In close proximity to the highly successful City of Pasadena, Altadena is gaining some well-earned respect reflected in its home values.
With the region north east of Downtown Los Angeles – the most western area of what is termed the San Gabriel Valley – neighborhoods and entire cities are on the rise. Nowhere is this clearer today than in Altadena, CA. Homes in Altadena are being restored to their original luster and Altadena real estate is through the roof when it comes to home values.
A friend of mine owned one of those 1920’s storybook Mediterranean-style homes with a red tile roof up in Altadena. It was perched on top of a knoll and nestled among mature trees. Rainbow colored bougainvillea vines spilled off the rooftop. Sitting in the breakfast nook, one could marvel at the San Gabriel mountain range from its French windows. The house had plaster walls that met the ceiling in a curve. The floors were constructed of large wooden planks, giving the place a kind of Greek Island art studio feel. An idyllic setting for those looking to get away from it all, the neighborhood of Altadena is located just North of its big city sister, Pasadena.
Just being in close proximity to gorgeous Pasadena – of Rose Parade fame – has never been enough to create the real estate buzz that Altadena has longed for until now. After all, Pasadena homes for sale have always been in great demand and the Pasadena real estate market is always booming. Now it’s Altadena’s turn and home sellers are giddy while homebuyers are gnashing their teeth for waiting too long to enter the Altadena real estate market.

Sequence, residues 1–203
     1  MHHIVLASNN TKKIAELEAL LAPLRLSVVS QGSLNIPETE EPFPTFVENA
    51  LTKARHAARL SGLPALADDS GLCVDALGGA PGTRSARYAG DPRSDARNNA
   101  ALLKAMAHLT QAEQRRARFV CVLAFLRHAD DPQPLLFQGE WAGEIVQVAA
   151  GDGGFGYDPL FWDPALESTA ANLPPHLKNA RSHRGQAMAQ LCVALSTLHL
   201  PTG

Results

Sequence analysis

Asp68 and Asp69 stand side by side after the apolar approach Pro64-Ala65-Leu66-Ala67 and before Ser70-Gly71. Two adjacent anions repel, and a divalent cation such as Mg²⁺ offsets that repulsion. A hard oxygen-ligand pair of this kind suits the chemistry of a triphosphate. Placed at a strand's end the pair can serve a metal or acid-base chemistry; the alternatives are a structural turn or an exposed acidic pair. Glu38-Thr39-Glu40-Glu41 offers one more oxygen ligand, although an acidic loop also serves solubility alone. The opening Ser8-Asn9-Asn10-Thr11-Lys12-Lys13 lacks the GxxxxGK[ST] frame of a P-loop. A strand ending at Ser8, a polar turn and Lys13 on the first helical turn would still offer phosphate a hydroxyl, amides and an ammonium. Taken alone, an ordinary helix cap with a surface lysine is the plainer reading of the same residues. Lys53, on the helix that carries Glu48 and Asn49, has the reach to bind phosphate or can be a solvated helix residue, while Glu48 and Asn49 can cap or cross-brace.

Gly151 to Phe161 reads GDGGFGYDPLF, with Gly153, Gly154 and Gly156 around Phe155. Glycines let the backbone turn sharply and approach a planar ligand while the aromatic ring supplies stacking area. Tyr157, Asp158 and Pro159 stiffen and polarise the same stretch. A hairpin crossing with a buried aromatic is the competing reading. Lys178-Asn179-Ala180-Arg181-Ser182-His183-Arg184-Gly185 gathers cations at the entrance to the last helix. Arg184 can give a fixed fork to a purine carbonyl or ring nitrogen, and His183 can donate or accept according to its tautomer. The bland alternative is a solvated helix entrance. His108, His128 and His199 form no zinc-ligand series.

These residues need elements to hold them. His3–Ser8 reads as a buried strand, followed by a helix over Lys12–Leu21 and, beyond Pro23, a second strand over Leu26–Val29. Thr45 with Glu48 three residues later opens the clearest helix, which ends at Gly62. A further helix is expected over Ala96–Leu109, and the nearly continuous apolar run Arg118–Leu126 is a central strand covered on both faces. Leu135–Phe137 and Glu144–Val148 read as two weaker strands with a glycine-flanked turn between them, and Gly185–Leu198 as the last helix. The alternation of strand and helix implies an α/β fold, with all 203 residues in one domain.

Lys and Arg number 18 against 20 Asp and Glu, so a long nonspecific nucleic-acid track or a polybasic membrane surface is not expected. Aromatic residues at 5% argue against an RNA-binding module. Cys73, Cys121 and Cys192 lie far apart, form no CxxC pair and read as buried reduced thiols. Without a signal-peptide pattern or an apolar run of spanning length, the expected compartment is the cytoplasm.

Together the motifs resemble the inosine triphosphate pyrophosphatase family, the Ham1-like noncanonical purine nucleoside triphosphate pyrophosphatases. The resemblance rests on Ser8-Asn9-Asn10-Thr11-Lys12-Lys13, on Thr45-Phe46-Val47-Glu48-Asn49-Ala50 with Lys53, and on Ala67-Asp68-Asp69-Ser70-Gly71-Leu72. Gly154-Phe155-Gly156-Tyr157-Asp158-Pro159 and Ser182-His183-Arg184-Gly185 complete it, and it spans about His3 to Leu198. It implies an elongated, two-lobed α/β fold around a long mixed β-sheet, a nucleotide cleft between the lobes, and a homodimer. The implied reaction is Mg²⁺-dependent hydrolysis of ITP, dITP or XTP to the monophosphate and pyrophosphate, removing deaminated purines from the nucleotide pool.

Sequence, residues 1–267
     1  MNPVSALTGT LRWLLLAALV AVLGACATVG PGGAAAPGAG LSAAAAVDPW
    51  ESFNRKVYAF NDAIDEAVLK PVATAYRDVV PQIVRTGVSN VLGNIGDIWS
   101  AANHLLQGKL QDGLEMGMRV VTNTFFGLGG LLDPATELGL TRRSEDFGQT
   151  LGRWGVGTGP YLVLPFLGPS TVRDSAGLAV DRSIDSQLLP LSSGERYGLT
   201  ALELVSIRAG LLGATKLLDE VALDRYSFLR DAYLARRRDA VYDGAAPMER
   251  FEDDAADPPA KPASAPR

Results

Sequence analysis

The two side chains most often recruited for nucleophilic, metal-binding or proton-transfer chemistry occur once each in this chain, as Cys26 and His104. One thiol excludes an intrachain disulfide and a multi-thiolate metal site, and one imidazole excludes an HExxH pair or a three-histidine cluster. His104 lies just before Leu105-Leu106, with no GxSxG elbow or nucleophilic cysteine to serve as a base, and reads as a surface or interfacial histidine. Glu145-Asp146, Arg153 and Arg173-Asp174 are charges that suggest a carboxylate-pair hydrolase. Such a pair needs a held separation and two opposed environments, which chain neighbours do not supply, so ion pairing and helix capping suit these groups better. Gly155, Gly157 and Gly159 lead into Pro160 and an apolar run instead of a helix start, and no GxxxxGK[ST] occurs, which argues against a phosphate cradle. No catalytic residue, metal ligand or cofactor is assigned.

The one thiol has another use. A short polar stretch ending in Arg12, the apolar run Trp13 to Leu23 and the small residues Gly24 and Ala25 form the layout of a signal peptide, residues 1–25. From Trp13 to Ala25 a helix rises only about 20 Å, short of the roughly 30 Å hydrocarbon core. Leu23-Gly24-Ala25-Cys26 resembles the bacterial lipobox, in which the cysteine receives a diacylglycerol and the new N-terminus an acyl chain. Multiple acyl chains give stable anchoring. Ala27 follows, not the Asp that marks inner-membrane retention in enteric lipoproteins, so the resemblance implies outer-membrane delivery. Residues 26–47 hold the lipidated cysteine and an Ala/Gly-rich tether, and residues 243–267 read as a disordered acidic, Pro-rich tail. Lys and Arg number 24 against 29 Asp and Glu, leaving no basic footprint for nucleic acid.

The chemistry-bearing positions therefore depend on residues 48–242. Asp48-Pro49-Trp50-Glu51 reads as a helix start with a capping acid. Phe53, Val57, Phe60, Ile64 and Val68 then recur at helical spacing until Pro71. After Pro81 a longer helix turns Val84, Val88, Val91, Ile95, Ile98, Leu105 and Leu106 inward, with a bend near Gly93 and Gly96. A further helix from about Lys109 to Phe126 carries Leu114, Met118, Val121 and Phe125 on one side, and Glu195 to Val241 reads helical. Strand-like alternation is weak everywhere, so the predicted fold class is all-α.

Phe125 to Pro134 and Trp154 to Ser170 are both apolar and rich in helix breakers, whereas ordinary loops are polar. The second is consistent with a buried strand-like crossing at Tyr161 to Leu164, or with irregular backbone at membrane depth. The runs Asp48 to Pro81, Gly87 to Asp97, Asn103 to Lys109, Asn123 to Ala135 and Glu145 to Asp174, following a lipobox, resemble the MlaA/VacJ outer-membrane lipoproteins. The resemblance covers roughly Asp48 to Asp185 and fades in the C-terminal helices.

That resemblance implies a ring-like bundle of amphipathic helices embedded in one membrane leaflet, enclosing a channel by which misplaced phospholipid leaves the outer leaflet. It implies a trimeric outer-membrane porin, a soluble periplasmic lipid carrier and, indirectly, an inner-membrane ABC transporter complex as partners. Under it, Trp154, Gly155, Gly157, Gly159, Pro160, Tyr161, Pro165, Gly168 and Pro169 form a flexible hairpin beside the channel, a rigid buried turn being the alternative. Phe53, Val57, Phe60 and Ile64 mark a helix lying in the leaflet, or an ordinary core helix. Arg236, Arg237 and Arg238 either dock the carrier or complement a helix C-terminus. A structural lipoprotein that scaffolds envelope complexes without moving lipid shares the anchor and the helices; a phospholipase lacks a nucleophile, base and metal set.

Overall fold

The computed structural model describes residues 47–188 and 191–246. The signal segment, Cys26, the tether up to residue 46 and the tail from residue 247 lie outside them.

John and Fred Woodbury launched the first subdivision, naming it Altadena in 1887. Recognizing the awesome scenic beauty of the foothills below the Angeles Crest mountain range, millionaires from the east erected the first mansions along Mariposa Street. This became known as millionaire’s row. Now let’s fast-forward to the civil rights era, a generation later. When the public schools were desegregated a phenomenon known as “White Flight” occurred in this once desirable spot. The Caucasian people pulled out and headed to the west side and the African American population doubled in size overnight. Sadly, the properties fell into disrepair and the area turned into a far less desirable neighborhood than it is today.
Thirty years later the gentrification of North East Los Angeles began to take shape. The rundown and neglected homes were purchased cheap and renovated, then flipped. North East Los Angeles became a prime target for the real estate investor and buyers of modest means scouting for their first house.
Before long the community was thriving once again and the curb appeal of these older neighborhoods improved. The ongoing restorative movement in Altadena, which began in the nineties, has helped to increase property values. As things get spruced up and the area becomes more attractive and expensive, the buyer naturally becomes more discriminating and sophisticated. Like it or not, right or wrong, he rich get richer, and those of a lower socio-economic status are often driven out. Some call it gentrification. Some call it progress. Once considered to be a common working class neighborhood, Altadena now has a private country club with tennis courts and swimming pools. A remarkable contrast to what was “the other side of the tracks” during the 1980s.
For foodies with a sweet tooth and taste for authentic Italian Gelato, take a drive down East Altadena Drive and find Leo Bulgarini’s gelateria. The Rome-born ex-sommelier chose this hot spot to open his gourmet gelato shop and that says it all. The new generation of “Hipsteropolis” bars is also finding its way to this side of town. If you have a good pallet and get a hankering for good French wine, Altadena Ale and Wine House is right around the corner. These specialty shops cater to the elite, which is of course a good sign that the community of Altadena is definitely on the rise.